Outspoken former F1 team boss Flavio Briatore agrees that something needs to change.
“Either opt for four or five teams with three or four cars each, or drastically change the Formula One we see today,” he told Italian radio Rai.
“If you look at the audience and what is happening to the teams, this is not a great time,” he insisted. “The economic model is broken.”
Briatore argued that it is not F1 supremo Bernie Ecclestone’s fault.
“His power is not so big anymore so his guilt is minimal,” he said. “I would say it is the teams’ fault.”
It is believed Red Bull and Ferrari are prepared to run third cars next year, but that may not be enough willingness to see the initiative get up and running.
Spain’s Marca, for instance, reports that McLaren and Mercedes are not so keen.
“I do not think it’s possible,” said McLaren’s Eric Boullier.
“I think next year, with nine teams, you can make a good championship. In 2016 we have the American team (Haas), so I think we need to think a lot before doing something as radical as three cars.”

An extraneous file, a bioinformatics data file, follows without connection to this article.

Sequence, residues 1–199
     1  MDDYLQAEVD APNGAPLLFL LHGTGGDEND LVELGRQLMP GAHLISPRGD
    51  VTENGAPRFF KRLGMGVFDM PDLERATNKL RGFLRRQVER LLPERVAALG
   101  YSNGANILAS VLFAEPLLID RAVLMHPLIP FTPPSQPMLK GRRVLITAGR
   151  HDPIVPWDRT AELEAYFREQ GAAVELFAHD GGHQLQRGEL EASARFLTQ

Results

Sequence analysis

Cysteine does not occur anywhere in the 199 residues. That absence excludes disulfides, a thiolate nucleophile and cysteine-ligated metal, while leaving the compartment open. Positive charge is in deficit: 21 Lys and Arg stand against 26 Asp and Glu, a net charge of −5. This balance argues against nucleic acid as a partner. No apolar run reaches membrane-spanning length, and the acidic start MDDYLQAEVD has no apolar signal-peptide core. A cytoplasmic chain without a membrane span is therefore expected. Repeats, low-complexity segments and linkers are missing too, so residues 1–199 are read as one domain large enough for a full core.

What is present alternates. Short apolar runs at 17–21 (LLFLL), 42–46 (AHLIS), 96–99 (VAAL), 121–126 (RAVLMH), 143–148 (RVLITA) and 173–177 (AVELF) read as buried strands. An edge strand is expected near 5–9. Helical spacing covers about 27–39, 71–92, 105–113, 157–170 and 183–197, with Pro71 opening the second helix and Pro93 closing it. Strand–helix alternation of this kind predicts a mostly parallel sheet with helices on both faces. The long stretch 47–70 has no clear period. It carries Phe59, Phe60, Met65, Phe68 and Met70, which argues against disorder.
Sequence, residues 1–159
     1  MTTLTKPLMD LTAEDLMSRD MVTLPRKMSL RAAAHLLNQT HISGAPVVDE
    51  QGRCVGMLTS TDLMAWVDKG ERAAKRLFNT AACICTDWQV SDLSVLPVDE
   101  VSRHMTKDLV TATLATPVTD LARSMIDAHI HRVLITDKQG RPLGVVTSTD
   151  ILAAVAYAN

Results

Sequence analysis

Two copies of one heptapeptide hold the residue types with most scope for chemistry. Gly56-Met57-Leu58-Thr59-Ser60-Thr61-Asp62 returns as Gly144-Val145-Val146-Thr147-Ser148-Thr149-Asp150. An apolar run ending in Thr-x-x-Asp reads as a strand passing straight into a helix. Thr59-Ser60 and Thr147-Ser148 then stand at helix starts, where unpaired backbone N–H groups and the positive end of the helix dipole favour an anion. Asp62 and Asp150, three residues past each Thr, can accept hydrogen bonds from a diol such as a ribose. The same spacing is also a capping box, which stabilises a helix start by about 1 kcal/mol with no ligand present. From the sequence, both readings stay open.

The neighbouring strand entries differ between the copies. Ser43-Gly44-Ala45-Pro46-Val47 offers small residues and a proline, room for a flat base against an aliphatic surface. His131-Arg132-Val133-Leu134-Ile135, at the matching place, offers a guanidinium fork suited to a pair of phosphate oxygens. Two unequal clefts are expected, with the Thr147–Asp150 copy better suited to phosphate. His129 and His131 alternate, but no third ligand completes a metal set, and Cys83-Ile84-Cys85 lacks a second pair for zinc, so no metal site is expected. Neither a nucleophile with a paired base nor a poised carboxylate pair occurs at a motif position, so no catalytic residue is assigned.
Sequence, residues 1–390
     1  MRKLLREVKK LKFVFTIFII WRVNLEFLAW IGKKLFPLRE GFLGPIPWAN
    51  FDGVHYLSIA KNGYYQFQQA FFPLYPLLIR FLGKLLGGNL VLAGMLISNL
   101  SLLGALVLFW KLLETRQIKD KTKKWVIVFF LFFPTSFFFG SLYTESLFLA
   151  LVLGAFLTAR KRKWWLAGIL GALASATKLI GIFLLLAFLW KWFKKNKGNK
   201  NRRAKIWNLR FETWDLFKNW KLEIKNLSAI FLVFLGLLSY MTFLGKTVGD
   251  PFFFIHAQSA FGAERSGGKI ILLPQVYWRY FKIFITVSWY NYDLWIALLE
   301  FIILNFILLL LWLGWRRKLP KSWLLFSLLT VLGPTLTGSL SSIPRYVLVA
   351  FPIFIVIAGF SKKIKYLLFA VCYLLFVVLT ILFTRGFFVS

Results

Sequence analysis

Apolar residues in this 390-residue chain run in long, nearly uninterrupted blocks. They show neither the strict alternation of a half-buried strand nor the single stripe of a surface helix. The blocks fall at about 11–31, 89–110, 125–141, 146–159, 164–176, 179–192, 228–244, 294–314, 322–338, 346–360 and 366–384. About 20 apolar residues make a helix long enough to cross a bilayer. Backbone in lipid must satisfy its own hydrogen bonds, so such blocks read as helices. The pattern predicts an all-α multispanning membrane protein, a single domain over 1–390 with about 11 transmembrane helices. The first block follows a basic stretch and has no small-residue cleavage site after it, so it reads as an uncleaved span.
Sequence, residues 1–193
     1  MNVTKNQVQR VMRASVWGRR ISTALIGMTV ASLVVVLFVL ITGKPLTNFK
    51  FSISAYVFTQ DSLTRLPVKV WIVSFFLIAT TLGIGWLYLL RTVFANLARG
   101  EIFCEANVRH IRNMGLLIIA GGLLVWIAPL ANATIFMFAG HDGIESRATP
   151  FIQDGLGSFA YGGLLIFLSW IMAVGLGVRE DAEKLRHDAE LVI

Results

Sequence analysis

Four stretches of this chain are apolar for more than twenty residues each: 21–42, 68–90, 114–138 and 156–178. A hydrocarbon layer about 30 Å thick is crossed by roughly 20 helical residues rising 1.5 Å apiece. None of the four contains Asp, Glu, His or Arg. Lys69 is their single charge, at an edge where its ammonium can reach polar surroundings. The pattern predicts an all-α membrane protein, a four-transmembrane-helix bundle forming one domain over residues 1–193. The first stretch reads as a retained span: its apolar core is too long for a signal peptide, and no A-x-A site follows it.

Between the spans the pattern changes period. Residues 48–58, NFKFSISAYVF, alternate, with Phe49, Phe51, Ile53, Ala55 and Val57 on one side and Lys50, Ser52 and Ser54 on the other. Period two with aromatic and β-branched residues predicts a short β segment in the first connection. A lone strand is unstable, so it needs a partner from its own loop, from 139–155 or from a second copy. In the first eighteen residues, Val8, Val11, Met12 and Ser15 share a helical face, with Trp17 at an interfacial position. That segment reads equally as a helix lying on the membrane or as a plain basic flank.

Mercedes’ Toto Wolff agrees: “The first thing is you need the infrastructure to do it, then you need the rules.
“Who has it? Who drives it? What points will it score? There is so much that I do not see it as feasible,” he added.
Finally, Sauber’s new signing Felipe Nasr suggests he only decided to put pen to paper for 2015 after the issue of three cars for 2015 became clear.
“We starting working on 2015 very early but I had all this waiting to see if there would be three cars,” he told Brazil’s Estado.
“And then came the information that it is not coming,” Nasr revealed, “so we came to Sauber, who had the best possible package on offer.”
TJ13 comment: Christian Horner has also
Crowd Funding of Caterham stalls